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In the turnstile world of university presidents, it is not surprising that Bernie Machen is moving on after a little more than five years at the University of Utah.
He is, after all, a gifted leader and administrator. That Machen would emerge as the favored choice of University of Florida trustees is a credit to their astute judge of leadership talent.
Though his tenure has been brief, Machen has left an indelible mark on higher education in Utah. Besides being a genuine pleasure to work with, many in the community admire his capacity to pick his battles wisely, while mostly finding win-win solutions to divisive issues.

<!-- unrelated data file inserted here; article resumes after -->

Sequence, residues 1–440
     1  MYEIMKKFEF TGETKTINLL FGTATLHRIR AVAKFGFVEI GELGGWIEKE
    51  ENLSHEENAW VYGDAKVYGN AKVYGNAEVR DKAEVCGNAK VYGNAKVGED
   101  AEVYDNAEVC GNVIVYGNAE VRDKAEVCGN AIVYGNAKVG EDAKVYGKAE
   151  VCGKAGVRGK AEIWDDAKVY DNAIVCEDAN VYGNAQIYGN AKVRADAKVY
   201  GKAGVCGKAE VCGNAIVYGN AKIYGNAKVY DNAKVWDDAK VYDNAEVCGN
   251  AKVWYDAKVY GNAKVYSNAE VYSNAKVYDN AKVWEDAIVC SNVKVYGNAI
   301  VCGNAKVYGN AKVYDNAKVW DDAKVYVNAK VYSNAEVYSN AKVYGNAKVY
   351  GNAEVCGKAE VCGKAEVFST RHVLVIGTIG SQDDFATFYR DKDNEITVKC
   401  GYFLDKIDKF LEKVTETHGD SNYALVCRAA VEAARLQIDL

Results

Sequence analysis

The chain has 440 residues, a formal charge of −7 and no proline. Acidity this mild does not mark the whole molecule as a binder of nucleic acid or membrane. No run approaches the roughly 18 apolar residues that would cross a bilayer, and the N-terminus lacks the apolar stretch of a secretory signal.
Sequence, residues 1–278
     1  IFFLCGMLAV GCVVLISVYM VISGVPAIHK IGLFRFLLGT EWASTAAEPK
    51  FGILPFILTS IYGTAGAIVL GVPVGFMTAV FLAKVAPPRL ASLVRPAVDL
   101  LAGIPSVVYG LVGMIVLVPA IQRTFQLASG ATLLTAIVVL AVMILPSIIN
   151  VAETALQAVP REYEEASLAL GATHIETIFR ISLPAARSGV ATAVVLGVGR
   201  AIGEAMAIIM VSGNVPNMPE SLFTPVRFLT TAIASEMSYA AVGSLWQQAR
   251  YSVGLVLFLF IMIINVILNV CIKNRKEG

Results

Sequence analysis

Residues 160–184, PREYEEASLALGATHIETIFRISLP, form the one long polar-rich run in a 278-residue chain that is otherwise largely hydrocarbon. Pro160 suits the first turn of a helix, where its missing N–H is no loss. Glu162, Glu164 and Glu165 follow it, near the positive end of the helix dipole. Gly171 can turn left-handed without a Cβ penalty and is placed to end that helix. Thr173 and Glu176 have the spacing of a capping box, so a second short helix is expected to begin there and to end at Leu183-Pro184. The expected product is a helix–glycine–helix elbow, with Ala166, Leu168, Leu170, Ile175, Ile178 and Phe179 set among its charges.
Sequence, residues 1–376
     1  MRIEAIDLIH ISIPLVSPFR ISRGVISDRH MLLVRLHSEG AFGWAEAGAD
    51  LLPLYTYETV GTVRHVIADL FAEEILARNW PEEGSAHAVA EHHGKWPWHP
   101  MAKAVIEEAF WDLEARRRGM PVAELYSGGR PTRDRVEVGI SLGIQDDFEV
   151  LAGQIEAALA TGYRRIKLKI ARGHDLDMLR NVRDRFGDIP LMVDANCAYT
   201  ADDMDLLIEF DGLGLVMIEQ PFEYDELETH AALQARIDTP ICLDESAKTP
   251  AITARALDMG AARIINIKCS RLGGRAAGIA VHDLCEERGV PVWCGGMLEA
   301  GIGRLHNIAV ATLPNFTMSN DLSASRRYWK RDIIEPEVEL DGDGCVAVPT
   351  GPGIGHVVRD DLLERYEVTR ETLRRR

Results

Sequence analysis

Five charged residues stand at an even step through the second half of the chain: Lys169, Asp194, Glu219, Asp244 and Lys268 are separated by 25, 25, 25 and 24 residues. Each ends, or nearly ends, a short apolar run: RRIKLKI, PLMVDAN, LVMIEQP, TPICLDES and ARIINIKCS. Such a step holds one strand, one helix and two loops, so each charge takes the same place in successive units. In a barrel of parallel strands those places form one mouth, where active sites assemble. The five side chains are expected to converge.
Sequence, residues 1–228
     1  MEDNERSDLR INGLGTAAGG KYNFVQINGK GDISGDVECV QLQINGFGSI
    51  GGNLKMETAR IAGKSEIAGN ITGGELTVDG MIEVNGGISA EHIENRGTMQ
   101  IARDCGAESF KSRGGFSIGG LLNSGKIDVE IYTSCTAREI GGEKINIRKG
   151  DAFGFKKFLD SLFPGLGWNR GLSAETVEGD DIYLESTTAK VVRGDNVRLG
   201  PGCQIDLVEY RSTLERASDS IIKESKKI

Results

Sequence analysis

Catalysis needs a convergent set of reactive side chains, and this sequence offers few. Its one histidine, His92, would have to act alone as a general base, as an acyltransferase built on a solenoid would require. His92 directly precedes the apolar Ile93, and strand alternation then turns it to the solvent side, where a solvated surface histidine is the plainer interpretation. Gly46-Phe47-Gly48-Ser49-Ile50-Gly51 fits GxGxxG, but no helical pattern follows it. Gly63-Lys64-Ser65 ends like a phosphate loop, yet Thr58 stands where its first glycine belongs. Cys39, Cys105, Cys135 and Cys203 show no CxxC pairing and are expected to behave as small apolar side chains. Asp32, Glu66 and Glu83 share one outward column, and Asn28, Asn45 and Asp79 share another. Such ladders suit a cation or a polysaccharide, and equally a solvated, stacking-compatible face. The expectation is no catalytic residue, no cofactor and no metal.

Now comes the challenge of finding a new president, something that occurs far too frequently these days. The average tenure of college and university presidents in the United States is about six years, hardly long enough it seems, to maintain leadership continuity.
In KSL’s view, such presidential musical chairs erodes the strength of our institutions of higher learning. It can be disruptive to a school’s stability, especially when it takes a year or two for new leaders to get up to speed on the political nuances of their position.
So, as the search for Machen’s replacement proceeds, KSL encourages Utah’s Board of Regents to look for someone willing to commit more than a handful of years to the vital and influential job.